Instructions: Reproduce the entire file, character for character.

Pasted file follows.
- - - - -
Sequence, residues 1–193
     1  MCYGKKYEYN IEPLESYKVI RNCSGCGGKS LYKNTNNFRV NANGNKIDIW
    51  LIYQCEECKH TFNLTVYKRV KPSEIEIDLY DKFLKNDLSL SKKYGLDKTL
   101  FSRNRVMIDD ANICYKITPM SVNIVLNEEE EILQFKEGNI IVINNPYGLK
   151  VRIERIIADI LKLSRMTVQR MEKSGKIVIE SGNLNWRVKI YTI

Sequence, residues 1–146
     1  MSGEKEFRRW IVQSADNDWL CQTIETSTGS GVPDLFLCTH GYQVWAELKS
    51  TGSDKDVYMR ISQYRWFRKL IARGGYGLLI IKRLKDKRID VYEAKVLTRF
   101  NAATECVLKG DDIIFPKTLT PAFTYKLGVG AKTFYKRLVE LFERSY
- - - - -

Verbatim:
Sequence, residues 1–193
     1  MCYGKKYEYN IEPLESYKVI RNCSGCGGKS LYKNTNNFRV NANGNKIDIW
    51  LIYQCEECKH TFNLTVYKRV KPSEIEIDLY DKFLKNDLSL SKKYGLDKTL
   101  FSRNRVMIDD ANICYKITPM SVNIVLNEEE EILQFKEGNI IVINNPYGLK
   151  VRIERIIADI LKLSRMTVQR MEKSGKIVIE SGNLNWRVKI YTI

Sequence, residues 1–146
     1  MSGEKEFRRW IVQSADNDWL CQTIETSTGS GVPDLFLCTH GYQVWAELKS
    51  TGSDKDVYMR ISQYRWFRKL IARGGYGLLI IKRLKDKRID VYEAKVLTRF
   101  NAATECVLKG DDIIFPKTLT PAFTYKLGVG AKTFYKRLVE LFERSY